Date of Award


Degree Name

Doctor of Philosophy


Educational Leadership, Research and Technology

First Advisor

Dr. Brooks Applegate

Second Advisor

Dr. Patricia Reeves

Third Advisor

Dr. Linda Thurston


non-inferiority, Latin square design, linguistic analysis, equivalence testing, disclosure, data collection


The purpose of this study was to examine the equivalence or non-inferiority for comparisons of telephone focus group venue to face-to-face focus group venue, Internet video-based focus group venue to face-to-face focus group venue, and Internet video based focus group venue to telephone focus group venue. Research questions examined the equivalence and non-inferiority of five variables reported in the literature as fundamental reasons a researcher would choose focus groups as a data collection tool. The five variables were: participant interactions, breadth of conversation, depth of conversation, disclosure of sensitive information, and adherence to the topic. Variables were measured using content and linguistic analysis. Outcomes from these analyses were tested using two one-sided t tests (TOST) to test for equivalence. If TOST indicated equivalence or non-inferiority between venues, a stricter one-tailed t test was conducted to confirm the findings.

Research was conducted on focus groups (n = 18) from extant evaluation data measuring the self-determination outcomes of students with disabilities. This allowed for the analysis of disclosure of sensitive information with questions targeted at living with a disability. Students participated (n = 64) from three different states. The original evaluation employed a 3 x 3 Latin square design to control for gender, state, and focus group venue.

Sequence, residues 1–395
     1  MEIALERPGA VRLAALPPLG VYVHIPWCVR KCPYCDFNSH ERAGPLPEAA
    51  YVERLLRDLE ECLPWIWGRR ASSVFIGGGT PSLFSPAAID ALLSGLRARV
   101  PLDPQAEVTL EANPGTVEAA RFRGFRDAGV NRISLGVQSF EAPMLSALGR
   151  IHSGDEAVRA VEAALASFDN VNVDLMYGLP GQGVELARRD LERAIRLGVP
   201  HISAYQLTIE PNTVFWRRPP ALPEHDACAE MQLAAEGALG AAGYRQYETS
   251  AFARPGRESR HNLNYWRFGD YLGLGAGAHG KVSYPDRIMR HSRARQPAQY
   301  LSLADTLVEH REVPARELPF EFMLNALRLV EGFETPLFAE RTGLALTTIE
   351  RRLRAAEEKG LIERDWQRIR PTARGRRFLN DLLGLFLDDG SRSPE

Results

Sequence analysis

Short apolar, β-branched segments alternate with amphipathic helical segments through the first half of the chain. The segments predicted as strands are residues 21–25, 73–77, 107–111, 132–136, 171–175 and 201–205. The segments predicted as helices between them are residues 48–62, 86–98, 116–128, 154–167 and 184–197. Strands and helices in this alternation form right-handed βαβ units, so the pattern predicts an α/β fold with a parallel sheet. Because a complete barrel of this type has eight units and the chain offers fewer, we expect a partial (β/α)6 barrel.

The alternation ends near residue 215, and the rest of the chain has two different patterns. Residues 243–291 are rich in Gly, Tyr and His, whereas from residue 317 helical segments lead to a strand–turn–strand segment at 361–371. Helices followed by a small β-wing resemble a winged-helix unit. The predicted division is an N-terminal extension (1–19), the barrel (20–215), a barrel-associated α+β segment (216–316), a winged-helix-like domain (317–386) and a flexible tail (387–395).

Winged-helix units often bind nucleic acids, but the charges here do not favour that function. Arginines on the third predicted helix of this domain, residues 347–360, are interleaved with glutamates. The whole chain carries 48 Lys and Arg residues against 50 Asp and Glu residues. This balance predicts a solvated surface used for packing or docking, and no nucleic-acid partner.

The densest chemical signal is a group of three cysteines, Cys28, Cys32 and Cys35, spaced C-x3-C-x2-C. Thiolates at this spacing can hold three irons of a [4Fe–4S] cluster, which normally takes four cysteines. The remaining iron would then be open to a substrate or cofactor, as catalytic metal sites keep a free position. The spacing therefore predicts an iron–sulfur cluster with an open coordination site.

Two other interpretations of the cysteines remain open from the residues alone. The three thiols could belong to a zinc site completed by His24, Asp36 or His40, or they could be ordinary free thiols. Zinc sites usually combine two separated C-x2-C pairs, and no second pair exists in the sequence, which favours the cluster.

Results revealed face-to-face focus group venues are unequaled in the area of participant interactions. The telephone venue provided a second choice for research projects whose goal is to extract depth of conversation or keep participants on-topic. However, if the main goal is to access sensitive information, the telephone venue appeared the most suitable. The Internet video-based focus group venue may provide a viable option to explore breadth or depth of information. Nonetheless, the Internet video-based venue only proved equivalent to the telephone focus group venue for participant interactions.

Findings suggest a researcher needs to carefully consider the potential effects of focus group venue. Further, the researcher needs to allow the research question and design to guide how a focus group venue is chosen. This study provides practical insight regarding the use of telephone and Internet video-based focus group venues and offers much potential for future research.

Access Setting

Dissertation-Open Access